I would reach out to Stratified and see. They'd hopefully know how the two valves behave and what, if anything, needs to be changed in the tune. If you want to use the manifold to directly control the valve then you would do all the fine tuning on your end with the hardware.
 

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The OEM valve should be closed at idle. There will be compressor outlet pressure on both sides, and the very light spring will hold it closed.

Its commonly the goal to keep the valve closed and thus the compressor capable of pressurizing the inlet to help response, with the exception of times where the valve is open to increase net turbocharger acceleration. From Ford's patent on this I linked in the other thread with a similar concern as this, they utilize this at high altitude on some vehicles, however the ST I'm pretty sure is not one of them. For a huge majority of the operating time of a turbocharger, the optimal bypass position is closed.

As such, you want the valve closed at idle. Anything else has the compressor rotating at a higher speed than intended by the ECU as its expecting the valve closed. In a lot of cases, because of the throttle plate delta pressure desired, it may even be commanding a throttle inlet pressure higher than ambient, and thus want the bypass valve certainly held closed.

While a speed density or blowthrough setup will meter air fine with the bypass open, the intent is to keep it closed. It'll operate with it open, but it will pretty much never be the "optimal" configuration.
 

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The OEM valve should be closed at idle. There will be compressor outlet pressure on both sides, and the very light spring will hold it closed.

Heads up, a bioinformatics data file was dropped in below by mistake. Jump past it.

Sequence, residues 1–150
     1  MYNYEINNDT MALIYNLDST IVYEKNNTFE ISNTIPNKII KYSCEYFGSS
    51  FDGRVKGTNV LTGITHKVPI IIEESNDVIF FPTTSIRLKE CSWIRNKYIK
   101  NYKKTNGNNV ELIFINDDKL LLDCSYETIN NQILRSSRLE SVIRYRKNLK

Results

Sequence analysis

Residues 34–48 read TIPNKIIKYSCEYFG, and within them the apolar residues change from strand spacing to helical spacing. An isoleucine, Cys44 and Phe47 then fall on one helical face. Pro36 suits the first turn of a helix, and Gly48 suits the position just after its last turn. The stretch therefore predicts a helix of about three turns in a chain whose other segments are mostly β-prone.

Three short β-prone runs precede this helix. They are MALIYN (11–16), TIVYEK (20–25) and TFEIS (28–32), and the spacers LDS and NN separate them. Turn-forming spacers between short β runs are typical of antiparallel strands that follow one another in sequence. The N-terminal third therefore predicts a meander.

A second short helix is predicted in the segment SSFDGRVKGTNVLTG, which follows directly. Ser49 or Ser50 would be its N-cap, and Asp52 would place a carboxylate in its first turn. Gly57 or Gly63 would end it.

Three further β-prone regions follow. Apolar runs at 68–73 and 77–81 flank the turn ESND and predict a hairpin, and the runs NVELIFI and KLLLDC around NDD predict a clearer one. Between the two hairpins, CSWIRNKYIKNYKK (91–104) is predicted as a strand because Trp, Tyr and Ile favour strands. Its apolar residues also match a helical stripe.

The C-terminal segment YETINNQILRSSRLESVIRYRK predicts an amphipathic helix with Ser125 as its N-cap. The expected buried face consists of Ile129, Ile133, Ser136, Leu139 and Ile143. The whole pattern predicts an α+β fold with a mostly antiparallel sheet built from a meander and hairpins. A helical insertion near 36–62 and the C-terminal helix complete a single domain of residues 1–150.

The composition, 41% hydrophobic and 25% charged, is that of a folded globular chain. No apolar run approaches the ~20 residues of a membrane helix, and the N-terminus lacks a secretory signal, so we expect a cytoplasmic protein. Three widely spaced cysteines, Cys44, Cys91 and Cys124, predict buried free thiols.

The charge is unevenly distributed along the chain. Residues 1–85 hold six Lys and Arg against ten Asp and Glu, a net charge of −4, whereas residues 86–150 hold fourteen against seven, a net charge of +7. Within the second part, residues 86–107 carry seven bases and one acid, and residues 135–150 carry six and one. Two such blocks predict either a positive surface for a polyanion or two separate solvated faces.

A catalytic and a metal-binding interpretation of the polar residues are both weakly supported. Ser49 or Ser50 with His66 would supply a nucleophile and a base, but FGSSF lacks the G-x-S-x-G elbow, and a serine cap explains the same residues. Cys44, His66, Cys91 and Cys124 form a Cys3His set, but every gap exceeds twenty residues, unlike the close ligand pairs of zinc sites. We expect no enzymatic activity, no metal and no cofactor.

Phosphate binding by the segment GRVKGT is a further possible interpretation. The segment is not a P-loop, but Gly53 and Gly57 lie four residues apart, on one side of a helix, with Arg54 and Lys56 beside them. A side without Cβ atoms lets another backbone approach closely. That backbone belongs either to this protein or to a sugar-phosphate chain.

Its commonly the goal to keep the valve closed and thus the compressor capable of pressurizing the inlet to help response, with the exception of times where the valve is open to increase net turbocharger acceleration. From Ford's patent on this I linked in the other thread with a similar concern as this, they utilize this at high altitude on some vehicles, however the ST I'm pretty sure is not one of them. For a huge majority of the operating time of a turbocharger, the optimal bypass position is closed.

As such, you want the valve closed at idle. Anything else has the compressor rotating at a higher speed than intended by the ECU as its expecting the valve closed. In a lot of cases, because of the throttle plate delta pressure desired, it may even be commanding a throttle inlet pressure higher than ambient, and thus want the bypass valve certainly held closed.

While a speed density or blowthrough setup will meter air fine with the bypass open, the intent is to keep it closed. It'll operate with it open, but it will pretty much never be the "optimal" configuration.
Thanks Bugasu. On other applications where you are running manifold reference directly to the valve, would those also be closed at idle in an OEM application? I see the benefit of keeping the valve closed, but also see the benefit of letting the compression "freewheel" to allow the car to be in boost sooner when the throttle is depressed and the valve closes.